Embroidery has been around since the first great civilizations. Look around and you are sure to see a custom patch somewhere. It might be on the mail carrier that delivers your mail, your mechanic, or your favorite athlete. Chances are, you probably have a few articles of clothing that feature patches as a stylish touch. Patches are found on the uniforms of police officers and firefighters, as well as bikers, military members, and more.
Patches have a special place in history. Embroidery and patches have an interesting tale that dates back to the first civilizations. Embroidery is attributed to the first great civilizations, including the Egyptians, Hindus, Chinese, and Mesopotamians. Over time, these skills were passed down to other cultures, including the ancient Greeks and then the Romans. However, it wasn't until the Middle Ages that the skill became a cherished art form.
Kings and queens valued embroidered tapestries. A slow, painstaking process, embroidery became valuable hand-stitched works of art. It was rare and expensive. Only the wealthiest could afford these types of garments. Embroidery was attached to the attire of royalty and other constituents, serving as a sign of wealth and power. Embroidery was sometimes given as gifts, becoming treasured keepsakes.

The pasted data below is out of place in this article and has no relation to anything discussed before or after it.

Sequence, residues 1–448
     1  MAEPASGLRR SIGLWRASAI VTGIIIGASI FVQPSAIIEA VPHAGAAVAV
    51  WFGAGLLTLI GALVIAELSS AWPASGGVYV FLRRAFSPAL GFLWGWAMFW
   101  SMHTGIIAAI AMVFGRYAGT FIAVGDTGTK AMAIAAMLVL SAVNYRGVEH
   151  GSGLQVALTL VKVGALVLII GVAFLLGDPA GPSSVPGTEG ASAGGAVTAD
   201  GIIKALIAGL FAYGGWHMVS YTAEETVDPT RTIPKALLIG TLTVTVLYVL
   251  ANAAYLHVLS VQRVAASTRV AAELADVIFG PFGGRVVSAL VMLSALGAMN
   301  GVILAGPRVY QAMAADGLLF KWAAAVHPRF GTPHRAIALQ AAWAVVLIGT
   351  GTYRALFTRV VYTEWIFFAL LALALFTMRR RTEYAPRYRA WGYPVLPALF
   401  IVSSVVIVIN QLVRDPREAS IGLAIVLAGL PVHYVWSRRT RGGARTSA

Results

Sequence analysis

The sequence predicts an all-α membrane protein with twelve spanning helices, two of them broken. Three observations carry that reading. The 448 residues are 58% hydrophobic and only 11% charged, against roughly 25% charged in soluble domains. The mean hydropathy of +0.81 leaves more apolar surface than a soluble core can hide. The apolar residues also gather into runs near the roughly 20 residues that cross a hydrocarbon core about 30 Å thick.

In the early 1800s, when French inventor Joshua Heilmann created what is recognized as the first embroidery machine. With a few updates and changes, his hand-powered creation changed the process forever. The machine wasn't popular at first, but it eventually revolutionized the industry, leading to the invention of the shuttle and chain stitch methods.
In 1863 the Schiffli embroidery machine further elevated things, making it much easier and cost-effective. In 1873, Alphonse Kursheedt bought a few hand looms and got to work. The looms featured multiple needles that wouldn't lose accuracy while ramping up production. The continuously threaded needle and shuttle sped up production times, and the device is still manufactured and used today. Modern computerized machines use digitized patterns to create patches. Today’s equipment can mass-produce patches for sports teams, companies, uniforms, and other users.
Thanks to advances in technology, custom patches can be produced in high volumes at affordable prices. Today's computer-controlled machines allow for precision and speed, meaning patches can be made faster and with fewer mistakes. Technology continues to evolve, and we are excited to see what the future holds for embroidery.